Insurance

Report claims early to professional indemnity insurers

By AdvocateDaily.com Staff

Pharmacists and other regulated professionals should err on the side of caution when reporting claims to their professional indemnity insurers, says Toronto insurance defence lawyer Heather Vaughan.

Vaughan, a partner with Benson Percival Brown LLP, recently told an audience at the Ontario Pharmacists Association’s annual conference that as soon as a potential claim arises, it should be reported to their insurer, acknowledging it’s likely to be a “scary and embarrassing” process.

“You pride yourself on your work, so this is a hard thing to do,” Vaughan says, who defends negligence claims based in professional liability under an Errors & Omissions (E&O) policy, as well as acting for professionals before regulatory colleges on complaints, discipline and fitness-to-practice hearings.

“But the consequences of not reporting a claim could be way worse — denial of coverage and/or defence costs,” she adds.

The emergence of a potential claim can come much sooner than many professionals think, Vaughan warns, noting that a complaint by a vexatious patient or the hospitalization of a person following an apparently correctly dispensed medication could be enough to prompt a report.

“It doesn’t matter if you think the claim is unfounded or you don’t think that the patient will sue you,” she says.

Once a claim is opened, Vaughan explains an insurance adjuster will contact the pharmacist, take a statement, investigate the situation and attempt an early resolution.

“The insurer is totally on your side, and doesn’t report to the college or anyone else what is disclosed in the investigation,” she says.

In some cases, Vaughan says a swift and sincere apology can often settle a complaint before the process gets started.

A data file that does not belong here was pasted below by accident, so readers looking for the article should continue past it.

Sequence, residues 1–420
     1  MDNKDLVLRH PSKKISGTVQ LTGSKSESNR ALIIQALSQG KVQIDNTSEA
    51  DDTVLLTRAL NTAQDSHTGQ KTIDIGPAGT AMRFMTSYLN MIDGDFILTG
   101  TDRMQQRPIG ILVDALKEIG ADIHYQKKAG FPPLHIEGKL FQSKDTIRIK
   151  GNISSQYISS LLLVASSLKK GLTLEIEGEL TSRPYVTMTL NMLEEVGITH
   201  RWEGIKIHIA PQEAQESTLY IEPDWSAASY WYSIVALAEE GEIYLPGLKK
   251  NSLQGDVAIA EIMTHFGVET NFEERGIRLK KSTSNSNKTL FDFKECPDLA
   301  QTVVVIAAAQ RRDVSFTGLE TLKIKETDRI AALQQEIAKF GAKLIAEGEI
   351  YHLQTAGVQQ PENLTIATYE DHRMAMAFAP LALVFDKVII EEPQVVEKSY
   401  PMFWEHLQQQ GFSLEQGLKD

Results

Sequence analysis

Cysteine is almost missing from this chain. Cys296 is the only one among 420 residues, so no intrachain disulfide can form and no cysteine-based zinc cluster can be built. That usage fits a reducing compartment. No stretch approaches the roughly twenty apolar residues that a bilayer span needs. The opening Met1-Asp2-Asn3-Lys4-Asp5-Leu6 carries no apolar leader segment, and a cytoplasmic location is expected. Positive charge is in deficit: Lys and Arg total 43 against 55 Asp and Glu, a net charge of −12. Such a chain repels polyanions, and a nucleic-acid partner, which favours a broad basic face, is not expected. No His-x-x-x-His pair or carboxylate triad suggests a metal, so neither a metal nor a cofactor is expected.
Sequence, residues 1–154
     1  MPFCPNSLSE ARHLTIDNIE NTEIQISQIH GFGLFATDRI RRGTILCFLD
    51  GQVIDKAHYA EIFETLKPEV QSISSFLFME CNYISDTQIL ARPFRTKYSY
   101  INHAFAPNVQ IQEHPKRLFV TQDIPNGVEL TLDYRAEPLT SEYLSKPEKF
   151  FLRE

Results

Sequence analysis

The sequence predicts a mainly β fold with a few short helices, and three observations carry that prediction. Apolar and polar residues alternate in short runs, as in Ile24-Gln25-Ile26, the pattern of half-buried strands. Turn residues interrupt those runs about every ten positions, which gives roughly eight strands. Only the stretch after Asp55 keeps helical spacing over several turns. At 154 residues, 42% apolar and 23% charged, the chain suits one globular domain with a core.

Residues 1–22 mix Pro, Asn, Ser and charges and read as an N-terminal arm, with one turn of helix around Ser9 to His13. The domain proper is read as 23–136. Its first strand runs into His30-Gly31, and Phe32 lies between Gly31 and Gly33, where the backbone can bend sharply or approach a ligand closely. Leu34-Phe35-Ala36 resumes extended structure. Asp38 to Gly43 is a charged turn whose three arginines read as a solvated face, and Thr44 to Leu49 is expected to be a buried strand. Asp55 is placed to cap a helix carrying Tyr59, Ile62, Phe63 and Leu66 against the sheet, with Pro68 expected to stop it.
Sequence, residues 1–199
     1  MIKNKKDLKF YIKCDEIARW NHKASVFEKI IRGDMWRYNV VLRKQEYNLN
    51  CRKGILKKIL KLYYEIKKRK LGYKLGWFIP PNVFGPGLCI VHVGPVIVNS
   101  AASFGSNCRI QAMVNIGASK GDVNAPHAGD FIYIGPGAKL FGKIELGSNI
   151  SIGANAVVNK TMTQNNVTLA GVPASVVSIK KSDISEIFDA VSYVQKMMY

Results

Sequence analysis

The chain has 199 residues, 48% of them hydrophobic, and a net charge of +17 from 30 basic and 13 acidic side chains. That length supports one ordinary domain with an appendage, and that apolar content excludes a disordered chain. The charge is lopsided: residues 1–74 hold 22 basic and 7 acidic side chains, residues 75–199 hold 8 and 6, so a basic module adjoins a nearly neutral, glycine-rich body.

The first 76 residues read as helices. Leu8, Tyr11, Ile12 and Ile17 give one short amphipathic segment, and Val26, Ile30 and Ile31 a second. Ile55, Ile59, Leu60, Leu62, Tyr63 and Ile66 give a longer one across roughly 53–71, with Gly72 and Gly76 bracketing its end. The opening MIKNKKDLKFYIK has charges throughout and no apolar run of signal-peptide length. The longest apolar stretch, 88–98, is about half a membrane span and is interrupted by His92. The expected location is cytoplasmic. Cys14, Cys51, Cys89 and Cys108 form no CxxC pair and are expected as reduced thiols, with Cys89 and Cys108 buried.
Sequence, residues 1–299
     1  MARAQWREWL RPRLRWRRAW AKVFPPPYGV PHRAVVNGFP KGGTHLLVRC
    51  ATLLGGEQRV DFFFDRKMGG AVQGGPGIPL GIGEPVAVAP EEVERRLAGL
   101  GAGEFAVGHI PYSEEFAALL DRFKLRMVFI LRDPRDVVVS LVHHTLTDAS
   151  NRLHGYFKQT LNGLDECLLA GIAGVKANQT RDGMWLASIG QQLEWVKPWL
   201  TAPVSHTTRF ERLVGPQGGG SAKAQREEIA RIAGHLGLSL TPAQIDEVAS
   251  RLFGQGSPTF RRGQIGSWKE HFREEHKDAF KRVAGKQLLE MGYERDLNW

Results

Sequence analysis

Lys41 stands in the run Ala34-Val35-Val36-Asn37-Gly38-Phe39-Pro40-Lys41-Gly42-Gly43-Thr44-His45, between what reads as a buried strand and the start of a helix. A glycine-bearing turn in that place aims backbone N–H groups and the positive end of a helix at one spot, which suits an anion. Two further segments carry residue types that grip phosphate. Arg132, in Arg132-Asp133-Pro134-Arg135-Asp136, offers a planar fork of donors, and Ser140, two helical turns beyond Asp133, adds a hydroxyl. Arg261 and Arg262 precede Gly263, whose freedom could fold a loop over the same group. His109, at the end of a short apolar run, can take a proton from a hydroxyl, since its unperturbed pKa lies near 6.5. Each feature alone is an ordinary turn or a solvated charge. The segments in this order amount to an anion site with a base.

“If your patient comes in to complain about some error, be kind and open, and discuss it with them,” she says. “If there is an error, apologize.”

When files progress to litigation, insurance adjusters take control, instructing a lawyer such a Vaughan on how to handle the action.

“Generally, the insured is not copied on reports, but you have rights to get those reports and review them,” she says, adding lawyers will help the professional prepare for examinations for discovery.

In court, the burden of proof is on the patient to show the pharmacist breached their standard of care and caused them harm. Medication or dosing errors make for relatively straightforward cases.

“Other times it’s a more difficult question,” Vaughan says.

Generally, professionals can protect themselves and boost their cases by making notes of conversations with patients and doctors regarding treatments, she adds.

“Contemporaneous business records are the best evidence,” Vaughan says.

She says many insurers provide tribunals expense coverage when complaints result in action by the Ontario College of Pharmacists.

However, even those without such coverage should hire a lawyer to respond to college proceedings, Vaughan says, noting professionals who take a do-it-yourself approach do not fare well.

“Their responses are argumentative, emotional and often don’t strike the right tone,” she says.

In addition, she says lawyers can provide insight about appropriate approaches to a complaint and better inform pharmacists of their rights.

“Hopefully you will never find yourself in the situation of needing to defend yourself against a claim or to responding to a complaint,” Vaughan says. “But if you do, use the insurance you have paid for, get the professionals on your side and get back to your own businesses and practices.”

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